woman in the striped shirt. Esther McVey says they are going after


millionaires and celebrities, but are they also going after


corporations that avoid massive tax bills? Let's stick with Gary Barlow


for the moment. It is a bit rich for the Conservatives to say they are


going after tax money. George Osborne did not come into politics


to take money off rich people. He is doing it because we are telling him


to. Jimmy Carter got abuse for his tax affairs, and yet yesterday in


Parliament David Cameron made a joke about Gary Barlow. He should not


give back his OBE, we should take it back from him. The gentleman is


quite right, because when it was a comedian in the spotlight, David


Cameron said it was morally wrong what happened there. But when it has


come to Gary Barlow, he has taken a different tack. It seems to me that


probably everyone here and people watching, most of us pay as we earn.


We pay our tax, and what we have not got its access to accountants and


others who can find a way for us to hide our money. I am not that


interested about the OBE, although it might be worth checking out


people's tax situation before we award one. But what I do think is


that Gary Barlow and the many others like him should not only pay that


tax back, but where it is proven they should pay penalties as well.


Hang on a second. You said something quite serious. They should pay


penalties? Let's be absolutely clear. As I understand it, tax


avoidance schemes have two be registered with the HMRC, and then


they decide whether to accept a scheme. So there is not a criminal


offence. Why should you pay a penalty? If these things are found


to be wrong and beyond what HMRC are saying, they should pay penalties as


well. People are fed up of seeing wealthy people and corporations


getting out of their tax obligations. The fact is your


government, David Cameron decided to give a tax cut to people earning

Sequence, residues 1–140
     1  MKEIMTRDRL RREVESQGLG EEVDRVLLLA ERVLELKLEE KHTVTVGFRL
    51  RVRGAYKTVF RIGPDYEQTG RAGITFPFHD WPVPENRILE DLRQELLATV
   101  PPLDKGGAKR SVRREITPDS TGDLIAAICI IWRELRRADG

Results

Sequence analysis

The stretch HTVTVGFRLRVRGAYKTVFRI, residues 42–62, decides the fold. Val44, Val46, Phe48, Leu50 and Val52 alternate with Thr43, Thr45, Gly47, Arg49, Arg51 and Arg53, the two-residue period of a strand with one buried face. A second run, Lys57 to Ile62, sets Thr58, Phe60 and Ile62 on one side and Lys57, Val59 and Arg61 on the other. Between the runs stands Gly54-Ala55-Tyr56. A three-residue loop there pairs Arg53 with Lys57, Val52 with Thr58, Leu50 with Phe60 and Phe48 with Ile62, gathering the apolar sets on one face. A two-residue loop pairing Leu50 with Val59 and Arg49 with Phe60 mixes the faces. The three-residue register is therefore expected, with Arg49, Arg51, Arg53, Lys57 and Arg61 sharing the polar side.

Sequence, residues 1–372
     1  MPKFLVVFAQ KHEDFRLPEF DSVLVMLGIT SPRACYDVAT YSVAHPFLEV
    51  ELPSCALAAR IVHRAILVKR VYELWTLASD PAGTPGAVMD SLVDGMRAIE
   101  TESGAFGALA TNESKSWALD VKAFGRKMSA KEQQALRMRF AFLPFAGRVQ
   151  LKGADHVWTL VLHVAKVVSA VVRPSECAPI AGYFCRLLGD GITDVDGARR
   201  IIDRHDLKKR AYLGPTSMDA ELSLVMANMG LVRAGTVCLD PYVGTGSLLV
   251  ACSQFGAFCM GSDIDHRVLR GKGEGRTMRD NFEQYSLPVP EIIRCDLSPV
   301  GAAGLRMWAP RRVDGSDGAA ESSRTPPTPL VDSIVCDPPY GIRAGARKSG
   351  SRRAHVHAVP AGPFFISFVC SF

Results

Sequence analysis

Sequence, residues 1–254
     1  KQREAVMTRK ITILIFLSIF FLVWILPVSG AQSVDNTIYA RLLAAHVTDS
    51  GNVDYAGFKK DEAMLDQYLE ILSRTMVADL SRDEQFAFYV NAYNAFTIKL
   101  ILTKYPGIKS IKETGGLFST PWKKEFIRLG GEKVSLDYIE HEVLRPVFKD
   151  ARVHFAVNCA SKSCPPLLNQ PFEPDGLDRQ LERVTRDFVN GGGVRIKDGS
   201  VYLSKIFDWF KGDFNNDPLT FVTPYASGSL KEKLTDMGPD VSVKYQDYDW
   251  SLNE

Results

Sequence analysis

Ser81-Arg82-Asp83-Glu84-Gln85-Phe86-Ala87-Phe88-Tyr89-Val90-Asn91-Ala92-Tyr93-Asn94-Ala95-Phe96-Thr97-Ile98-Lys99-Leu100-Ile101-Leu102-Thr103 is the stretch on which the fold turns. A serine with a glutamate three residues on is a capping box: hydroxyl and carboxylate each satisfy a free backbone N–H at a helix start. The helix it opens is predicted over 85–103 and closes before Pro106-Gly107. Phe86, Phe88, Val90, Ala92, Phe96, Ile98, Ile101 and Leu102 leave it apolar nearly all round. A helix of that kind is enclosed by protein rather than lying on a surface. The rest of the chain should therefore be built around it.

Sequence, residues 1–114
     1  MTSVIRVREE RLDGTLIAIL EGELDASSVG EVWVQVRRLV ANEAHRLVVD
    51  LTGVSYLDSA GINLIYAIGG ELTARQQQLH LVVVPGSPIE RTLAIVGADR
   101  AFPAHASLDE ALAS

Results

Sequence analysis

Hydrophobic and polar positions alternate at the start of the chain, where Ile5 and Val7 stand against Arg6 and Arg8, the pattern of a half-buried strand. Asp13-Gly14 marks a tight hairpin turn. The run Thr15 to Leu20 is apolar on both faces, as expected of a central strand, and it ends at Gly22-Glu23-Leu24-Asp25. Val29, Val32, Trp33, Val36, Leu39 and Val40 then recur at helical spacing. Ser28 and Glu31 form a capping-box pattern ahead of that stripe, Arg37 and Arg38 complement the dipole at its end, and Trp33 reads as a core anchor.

over ?150,000 a year, even though you wanted to harm people through


the bedroom tax. A brief answer to that. To point out the factual


inaccuracies, we have tightened the rules, we are getting more in than


ever before and we have increased the penalties. Because we all know


that money should come back to the British public. So factually


inaccurate, Caroline. I agree with the point you are making about the


top rate of tax. I think it comes down to the question of an optimal


rate. If it is set to hide, it does deter rich people away. -- if it is


set to high. There has to be a decision where the top level is set,


otherwise rich people move abroad. What do you think about Gary Barlow?


He should handle all the money back, but he should keep his OBE, on the


grounds of how much he has done for the UK, in terms of charity work and


obviously services to the music industry. He has done nothing


illegal. If I had ?63 million and I could afford to pay accountants to


help me not pay as much tax as I possibly could, even earning ?40,000


a year. If I could get someone to do that and save me money in my pocket,


I would do it, and I am sure 90% of this audience would do it. Paddy


Ashdown, do you want to pick up on that? I want to pick up on the point


which Esther McVey made. He received the OBE for other things and I think


the case for that stands. Should it be removed? No. Should he pay the


penalty for the steps he has taken to avoid taxation, yes. That is


where we should concentrate. That is my view. Humza's point, as usual,


parts company with fact and reality. The government has disastrous cut


the deficit, it is the poor that have paid the price. No, it is not.